Why Listening is the Most Powerful Skill in Marketing
A successful career in marketing requires many skills, such as copywriting, graphic design, and project management.
But there’s one skill everyone in marketing needs to master, no matter what their role: Listening.
Here’s why listening is essential for marketing success and 10 tips for doing it better.
How Poor Listening Leads to Bad Advertising
The purpose of marketing and advertising is to influence peoples’ perceptions and behavior.
But many ads and campaigns miss the mark. The premise of the ad feels phony, the dialogue is contrived, the message fails to engage the audience, or the audience gets turned off or confused.
Why do these campaigns fail? As a marketing consultant, I think the reason is a misunderstanding of what the target audience feels or cares about as it relates to the product.
When the marketer and/or marketing agency doesn’t effectively listen to customers and prospects before developing the campaign, they aren’t able to craft messages people can connect with.
How Listening Becomes Understanding
Most companies try to listen to their customers and some invest heavily in customer satisfaction and market research.
But listening is more than the ability to hear what people say. It’s being curious about someone’s desires and motivations and having the empathy to understand what people mean and how they feel.
This capability is crucial for marketing professionals trying to create images and messages people will notice, care about, like, and remember when making a purchasing decision.
The most effective marketers are exceptional listeners. They recognize the human emotions behind peoples’ words and use this insight to create products people love and advertising and marketing that feels authentic, has real meaning to the audience, and resonates with their hopes, fears, and desires.
10 Tips for Being a Better Listener
How can you listen more effectively as a marketer? Follow these tips:
- Take the time. Marketing is a fast-paced business and there’s huge pressure to create campaigns and strategies quickly. But if you really want to succeed, you need to build in the time and budget upfront to gather input from the client, customer, and prospect.
- Listen to the right people. Talk with the people you’re actually targeting with marketing – customers and prospects – not just your marketing colleagues or people like you.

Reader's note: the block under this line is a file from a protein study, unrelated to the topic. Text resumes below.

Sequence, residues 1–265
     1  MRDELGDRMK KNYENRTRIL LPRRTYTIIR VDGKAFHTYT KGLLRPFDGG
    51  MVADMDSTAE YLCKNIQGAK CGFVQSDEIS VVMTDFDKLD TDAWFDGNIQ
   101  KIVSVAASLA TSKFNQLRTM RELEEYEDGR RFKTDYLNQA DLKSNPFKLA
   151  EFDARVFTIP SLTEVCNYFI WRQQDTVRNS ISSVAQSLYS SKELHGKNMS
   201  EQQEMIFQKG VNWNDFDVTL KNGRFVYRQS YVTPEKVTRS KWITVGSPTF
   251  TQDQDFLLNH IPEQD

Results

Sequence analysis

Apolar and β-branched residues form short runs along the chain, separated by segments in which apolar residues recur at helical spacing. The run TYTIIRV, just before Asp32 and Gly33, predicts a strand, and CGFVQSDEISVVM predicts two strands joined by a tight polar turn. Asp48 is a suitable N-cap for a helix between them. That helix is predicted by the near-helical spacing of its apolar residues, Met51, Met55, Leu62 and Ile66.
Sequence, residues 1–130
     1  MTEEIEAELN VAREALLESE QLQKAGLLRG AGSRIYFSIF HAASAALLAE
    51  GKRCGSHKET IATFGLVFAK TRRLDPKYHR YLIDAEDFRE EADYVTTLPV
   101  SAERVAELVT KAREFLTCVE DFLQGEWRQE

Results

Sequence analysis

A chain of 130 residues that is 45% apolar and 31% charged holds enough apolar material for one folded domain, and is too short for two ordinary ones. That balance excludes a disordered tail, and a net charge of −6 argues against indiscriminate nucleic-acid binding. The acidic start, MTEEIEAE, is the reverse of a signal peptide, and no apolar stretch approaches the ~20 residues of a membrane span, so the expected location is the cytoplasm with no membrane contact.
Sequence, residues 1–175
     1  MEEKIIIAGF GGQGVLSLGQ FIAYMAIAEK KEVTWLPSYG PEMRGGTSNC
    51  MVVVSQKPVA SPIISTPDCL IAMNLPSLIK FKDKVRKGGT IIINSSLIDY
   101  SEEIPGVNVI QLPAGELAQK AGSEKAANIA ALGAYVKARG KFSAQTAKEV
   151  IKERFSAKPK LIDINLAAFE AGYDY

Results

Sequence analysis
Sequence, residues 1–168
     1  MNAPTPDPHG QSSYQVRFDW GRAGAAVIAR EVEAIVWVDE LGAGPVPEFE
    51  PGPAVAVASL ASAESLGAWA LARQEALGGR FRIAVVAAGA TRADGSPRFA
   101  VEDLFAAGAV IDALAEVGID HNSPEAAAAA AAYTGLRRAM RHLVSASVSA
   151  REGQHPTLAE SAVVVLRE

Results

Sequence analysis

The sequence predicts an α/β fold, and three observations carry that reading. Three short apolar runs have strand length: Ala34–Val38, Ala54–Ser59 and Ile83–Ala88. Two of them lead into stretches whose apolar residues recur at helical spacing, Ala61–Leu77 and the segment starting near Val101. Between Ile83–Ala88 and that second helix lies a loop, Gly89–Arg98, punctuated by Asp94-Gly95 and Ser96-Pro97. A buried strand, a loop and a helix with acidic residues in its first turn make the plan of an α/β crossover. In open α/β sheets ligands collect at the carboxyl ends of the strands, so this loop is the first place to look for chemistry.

- Learn the lingo. If you want prospects to relate to your marketing messages, you need to know the terms and phrases they use when talking about their needs and your product.
- Delve deeper. Go beyond the obvious questions (“Are you satisfied with our product or service?”) to more probing queries that help you understand the motivations that drive behavior. Make questions open-ended so people can use their own words.
- Feel the emotion. How do people feel about your company and themselves when they use the products or services you provide? Do they feel confident, happy, pretty, smart, safe? Listen for the emotions underlying the purchasing decision.
- Listen with your eyes and ears. People reveal a great deal with their body language when they talk. They lean in, make direct eye contact, and use their hands to emphasize their points. Watch carefully and notice the details; see what makes their eyes light up.
- Don’t be judgmental. Be impartial and neutral when listening. Remove your own biases. It’s not about what you think – it’s about what they think.
- Avoid stereotypes. Don’t assume you know what someone is thinking because they are young, old, male, female, married, single, a high school dropout, or a Ph.D. Making assumptions based on stereotypes or demographics is a common mistake.
- Take careful notes. Relying on your memory can be dangerous, even if you’re under 30. It’s too easy to remember what you think someone said, not what they actually said. Record and transcribe the discussions. Focus groups always should be recorded for the marketing team.
- Reflect on what you’ve heard. Think about the totality of the discussion afterward. What was the customer or prospect really telling you? What stands out most in your mind? What do they truly care about? This is what you need to know to create marketing campaigns and content that engage people on a human level.
The Payoff for Good Listening: Smarter Marketing
When ad campaigns fail due to miscommunication, marketers pay the price in lost market share and wasted resources.
Your marketing campaigns will gain authenticity, resonance, and engagement – and you’ll have a smarter marketing strategy – if you hone your skills as a listener.
Do you agree about the importance of listening skills in marketing?